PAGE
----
Updated: Aug 4
Many bottle-fed babies get attached to the bottle as if its another appendage on their bodies. It can be extremely hard to #wean them off of it when the time comes. Our son had decided around 6 months that he preferred the bottle over breast. This is where his attachment to the bottle started.
I had gotten into the habit of preparing his bottles when I heard him waking, because it was easier to make without him crying at my feet waiting for it. I'd have it sitting on the coffee table ready for him when I'd bring him out from bed. It got to the point that as soon as we'd near the end of the hallway, he'd lean over to look around the corner and see if it was there. As soon as he'd see it, he'd reach for it and make urgent sounds, trying to convince me to get there faster. If he didn't see the bottle sitting there on the coffee table, a meltdown would ensue. Needless to say, he was attached.
I had decided that I wanted to wean him off of the bottle around age 1. He had finally started to eat more and more solid food, so I was confident we were ready to start the process. I had an idea for a simple way to do this, so I tried it out and it worked. We went from him having multiple bottles a day to no more bottles in just a few days! The best part is there were no tears! Here are my tips and one simple trick I did to wean him quickly.
Start a Cup Early
First of all, when you're going to wean off the bottle, you need to have another option for him. You want him to have an alternative before you start the weaning process. Don't expect him to just all of a sudden start drinking out of a cup right away. There are many different options, sippy cups, straw cups, 360 cups, etc., and different babies might have different preferences. It can also take some time for them to learn how to use a new cup. We started giving Gideon water in a cup at 6 months with his solid food. He still got his formula in a bottle, but we'd offer his water cup every time he had food.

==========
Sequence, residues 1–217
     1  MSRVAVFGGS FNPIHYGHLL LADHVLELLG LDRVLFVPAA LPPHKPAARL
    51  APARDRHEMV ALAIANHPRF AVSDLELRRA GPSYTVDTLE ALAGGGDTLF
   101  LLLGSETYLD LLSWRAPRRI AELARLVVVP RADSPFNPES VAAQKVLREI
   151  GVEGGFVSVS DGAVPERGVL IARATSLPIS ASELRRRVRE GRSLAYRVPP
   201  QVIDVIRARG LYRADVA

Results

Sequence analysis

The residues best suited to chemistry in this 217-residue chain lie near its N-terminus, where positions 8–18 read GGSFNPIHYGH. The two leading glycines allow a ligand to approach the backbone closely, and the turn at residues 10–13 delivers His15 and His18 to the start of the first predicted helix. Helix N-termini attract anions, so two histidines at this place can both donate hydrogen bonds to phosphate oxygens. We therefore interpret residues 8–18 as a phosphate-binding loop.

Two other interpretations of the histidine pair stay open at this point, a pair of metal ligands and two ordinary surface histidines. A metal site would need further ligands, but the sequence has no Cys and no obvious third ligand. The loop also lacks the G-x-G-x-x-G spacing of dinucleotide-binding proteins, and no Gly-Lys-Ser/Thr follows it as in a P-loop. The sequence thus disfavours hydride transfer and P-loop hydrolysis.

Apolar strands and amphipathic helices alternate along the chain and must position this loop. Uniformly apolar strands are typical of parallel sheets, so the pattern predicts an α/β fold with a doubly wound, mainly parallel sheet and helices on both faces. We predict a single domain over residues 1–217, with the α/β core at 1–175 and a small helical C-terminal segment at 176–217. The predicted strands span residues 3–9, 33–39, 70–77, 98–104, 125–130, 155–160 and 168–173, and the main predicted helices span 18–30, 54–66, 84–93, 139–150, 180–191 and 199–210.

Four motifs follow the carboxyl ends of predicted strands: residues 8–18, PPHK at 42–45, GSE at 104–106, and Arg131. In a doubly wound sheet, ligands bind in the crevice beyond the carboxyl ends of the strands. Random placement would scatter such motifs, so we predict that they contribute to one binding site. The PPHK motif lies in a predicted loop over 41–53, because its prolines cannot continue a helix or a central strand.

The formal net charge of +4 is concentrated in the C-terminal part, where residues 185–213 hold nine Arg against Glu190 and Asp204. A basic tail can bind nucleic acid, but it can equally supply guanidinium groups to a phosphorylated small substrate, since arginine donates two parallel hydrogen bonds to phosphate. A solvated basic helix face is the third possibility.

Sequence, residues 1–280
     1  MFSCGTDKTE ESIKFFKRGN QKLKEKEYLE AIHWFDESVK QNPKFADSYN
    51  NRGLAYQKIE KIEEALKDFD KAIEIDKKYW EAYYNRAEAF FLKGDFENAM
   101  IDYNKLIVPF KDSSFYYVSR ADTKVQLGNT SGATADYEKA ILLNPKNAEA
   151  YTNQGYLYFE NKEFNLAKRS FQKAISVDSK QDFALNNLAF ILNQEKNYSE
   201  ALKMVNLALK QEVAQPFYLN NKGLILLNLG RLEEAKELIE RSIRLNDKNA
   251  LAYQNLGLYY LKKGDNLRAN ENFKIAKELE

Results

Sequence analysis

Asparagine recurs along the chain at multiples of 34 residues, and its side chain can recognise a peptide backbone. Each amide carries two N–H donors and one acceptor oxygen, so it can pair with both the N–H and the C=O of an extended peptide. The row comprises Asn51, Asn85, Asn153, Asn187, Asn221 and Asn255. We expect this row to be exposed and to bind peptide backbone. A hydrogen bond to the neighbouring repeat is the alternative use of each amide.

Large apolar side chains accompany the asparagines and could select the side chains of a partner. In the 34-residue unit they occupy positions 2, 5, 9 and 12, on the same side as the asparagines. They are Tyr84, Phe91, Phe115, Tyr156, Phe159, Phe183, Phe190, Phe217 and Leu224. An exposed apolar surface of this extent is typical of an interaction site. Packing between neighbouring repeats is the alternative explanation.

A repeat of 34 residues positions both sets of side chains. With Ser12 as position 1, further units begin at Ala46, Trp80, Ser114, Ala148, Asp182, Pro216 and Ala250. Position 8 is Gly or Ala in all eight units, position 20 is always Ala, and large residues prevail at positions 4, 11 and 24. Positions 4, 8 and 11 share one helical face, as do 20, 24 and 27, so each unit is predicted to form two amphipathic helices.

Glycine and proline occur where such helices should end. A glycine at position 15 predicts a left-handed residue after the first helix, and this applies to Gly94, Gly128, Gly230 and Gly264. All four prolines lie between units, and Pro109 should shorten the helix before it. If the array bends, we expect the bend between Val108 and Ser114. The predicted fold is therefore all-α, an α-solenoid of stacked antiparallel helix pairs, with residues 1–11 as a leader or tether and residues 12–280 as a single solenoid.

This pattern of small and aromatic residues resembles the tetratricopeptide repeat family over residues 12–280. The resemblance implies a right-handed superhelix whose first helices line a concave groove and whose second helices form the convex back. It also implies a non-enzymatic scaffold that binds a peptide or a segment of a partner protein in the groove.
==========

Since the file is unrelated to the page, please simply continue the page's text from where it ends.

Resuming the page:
At first, he couldn't quite figure it out. We started with a regular sippy cup, and he was just biting it. Then we tried a weighted straw cup. Same thing...he had no idea what to do with it. One night, my husband tipped the cup upside down like he would drink from a bottle, and he immediately started sucking on the straw. Once he figured out that sucking on it gave him something, he was good to go from then on. He quickly became a champ at drinking from his straw cup!
Start Offering Formula/Breastmilk in the Cup
If you want your little one to eventually drink milk, or whatever substitute you choose, then start offering his formula or breast milk in the cup. Our little guy had only ever drank water out of his cup, so he wasn't used to anything else. A few weeks before weaning, I began to offer his milk in his cup (we used Ripple because he's allergic to cow's milk), while still offering his main feeds in the bottle. At first, he would only take a few sips of the milk out of his cup before tossing it to the side. I just kept offering it, trying to get him more and more used to it.